How to TV Interview via Satellite


As your fame and credibility grow as a speaker, you’re going to be asked to do national and international television interviews. Unless you’re based in NYC, you’ll be doing most of your interviews via satellite from a remote studio up linked to NYC or other major cities. Being interviewed via satellite is more difficult for a number of reasons, and you want to be prepared so you can maximize your national/international exposure. Watch this short video (2:34) I shot at the satellite studio for Chinese Central TV in Chicago (CCTV) where I was up linked via satellite to Washington, DC and Beijing, China. I’ll look forward to your comments.


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Categories : Media


  1. I’ve done this and it’s a surreal experience. You can’t see anyone and you’re usually in a small room looking at a video camera a few feet in front of you. One of the challenges is juggling the satellite delay and interpreting the international interviewer who has an accent when you can only hear them in one ear. While doing that, you’re expected to respond as an expert that does satellite uplinks all the time. The situation can be very pressuring especially in the beginning. Once you’re used to it, it’s fun.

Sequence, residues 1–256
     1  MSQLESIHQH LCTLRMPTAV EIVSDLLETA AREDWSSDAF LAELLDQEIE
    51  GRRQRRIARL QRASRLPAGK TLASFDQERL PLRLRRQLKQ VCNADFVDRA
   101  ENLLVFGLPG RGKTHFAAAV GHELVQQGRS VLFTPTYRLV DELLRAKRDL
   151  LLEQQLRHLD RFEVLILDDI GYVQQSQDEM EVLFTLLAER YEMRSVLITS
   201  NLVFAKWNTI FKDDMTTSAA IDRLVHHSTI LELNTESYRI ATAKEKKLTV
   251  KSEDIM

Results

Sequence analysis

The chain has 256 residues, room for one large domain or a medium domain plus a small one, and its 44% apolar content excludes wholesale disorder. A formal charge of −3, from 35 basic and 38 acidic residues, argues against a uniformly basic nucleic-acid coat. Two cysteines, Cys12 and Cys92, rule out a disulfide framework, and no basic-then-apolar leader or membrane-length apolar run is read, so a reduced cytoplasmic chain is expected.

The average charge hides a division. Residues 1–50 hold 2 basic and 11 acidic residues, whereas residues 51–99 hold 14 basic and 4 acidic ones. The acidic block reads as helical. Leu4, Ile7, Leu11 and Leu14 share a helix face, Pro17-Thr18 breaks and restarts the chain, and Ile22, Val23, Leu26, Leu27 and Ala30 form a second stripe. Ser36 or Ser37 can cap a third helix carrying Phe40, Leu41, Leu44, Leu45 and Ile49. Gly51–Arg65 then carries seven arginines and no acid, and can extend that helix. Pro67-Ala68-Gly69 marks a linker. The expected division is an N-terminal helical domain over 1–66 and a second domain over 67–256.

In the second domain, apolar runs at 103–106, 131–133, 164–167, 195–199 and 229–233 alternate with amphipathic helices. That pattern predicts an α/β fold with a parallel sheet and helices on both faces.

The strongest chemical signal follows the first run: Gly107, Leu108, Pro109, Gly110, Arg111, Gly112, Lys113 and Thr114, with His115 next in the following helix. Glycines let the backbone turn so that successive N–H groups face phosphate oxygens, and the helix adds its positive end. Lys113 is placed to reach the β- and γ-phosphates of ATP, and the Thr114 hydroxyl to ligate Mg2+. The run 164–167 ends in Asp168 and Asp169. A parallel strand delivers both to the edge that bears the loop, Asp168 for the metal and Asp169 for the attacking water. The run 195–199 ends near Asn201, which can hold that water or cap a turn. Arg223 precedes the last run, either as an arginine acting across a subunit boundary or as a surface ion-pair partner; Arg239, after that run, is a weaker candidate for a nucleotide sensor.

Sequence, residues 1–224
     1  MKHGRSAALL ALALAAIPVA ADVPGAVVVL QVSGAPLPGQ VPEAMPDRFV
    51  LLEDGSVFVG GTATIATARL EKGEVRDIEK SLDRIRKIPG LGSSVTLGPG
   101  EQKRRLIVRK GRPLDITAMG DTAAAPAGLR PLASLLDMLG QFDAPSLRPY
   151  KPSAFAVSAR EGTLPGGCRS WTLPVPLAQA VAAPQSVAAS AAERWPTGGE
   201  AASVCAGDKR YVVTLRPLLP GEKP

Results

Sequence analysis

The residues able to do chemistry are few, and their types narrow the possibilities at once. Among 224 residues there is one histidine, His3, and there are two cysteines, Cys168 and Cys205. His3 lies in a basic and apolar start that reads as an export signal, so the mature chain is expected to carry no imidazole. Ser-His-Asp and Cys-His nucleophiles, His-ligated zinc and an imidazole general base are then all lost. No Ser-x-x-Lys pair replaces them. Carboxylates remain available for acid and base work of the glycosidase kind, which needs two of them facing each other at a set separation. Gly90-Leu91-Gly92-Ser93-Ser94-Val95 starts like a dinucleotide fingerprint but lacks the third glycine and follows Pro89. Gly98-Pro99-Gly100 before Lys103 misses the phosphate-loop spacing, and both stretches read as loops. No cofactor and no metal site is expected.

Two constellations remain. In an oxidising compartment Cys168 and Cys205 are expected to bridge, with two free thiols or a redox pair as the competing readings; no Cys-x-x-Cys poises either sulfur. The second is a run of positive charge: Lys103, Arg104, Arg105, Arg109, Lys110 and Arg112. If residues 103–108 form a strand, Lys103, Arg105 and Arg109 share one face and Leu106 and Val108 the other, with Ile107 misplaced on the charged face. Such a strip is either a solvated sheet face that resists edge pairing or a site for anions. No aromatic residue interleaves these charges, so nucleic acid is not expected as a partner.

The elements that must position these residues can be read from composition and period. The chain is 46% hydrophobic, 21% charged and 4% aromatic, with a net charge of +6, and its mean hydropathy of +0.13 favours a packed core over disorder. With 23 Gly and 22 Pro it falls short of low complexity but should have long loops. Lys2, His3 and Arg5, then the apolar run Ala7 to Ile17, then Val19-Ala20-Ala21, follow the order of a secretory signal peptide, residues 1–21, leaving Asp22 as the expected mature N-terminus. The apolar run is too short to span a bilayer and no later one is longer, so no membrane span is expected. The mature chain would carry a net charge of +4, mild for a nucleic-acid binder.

2. Gill Phelan says:

    Great advice on speaking slow Steve–if you really want to make sure to be understand slow it down and enunciate. No sense going through all this work and having to chance to influence people in different cultures and then blow it by speaking too fast.My friends and I here in Costa Rica understand this about each other and we are also careful to not use complex vocabulary.

  3. Thanks for the view “behind the curtain”, Steve.

    I’ve not done an interview like that. This closest I’ve come is performing on stage under lights so bright that I couldn’t see anyone. Not the same thing – because I knew that people were out there.

    Appreciate the inside scoop.


  4. Durward says:

    Great tips. It would be great to include a minute of the live interview with the audio from the interviewer. This could give your audience a little more understanding of what it’s like. I’ve been on both sides of the mic. It’s also challenging for the host, waiting for a response from a question.

  5. steve says:

    You can see my last 100 TV interviews from around the world at

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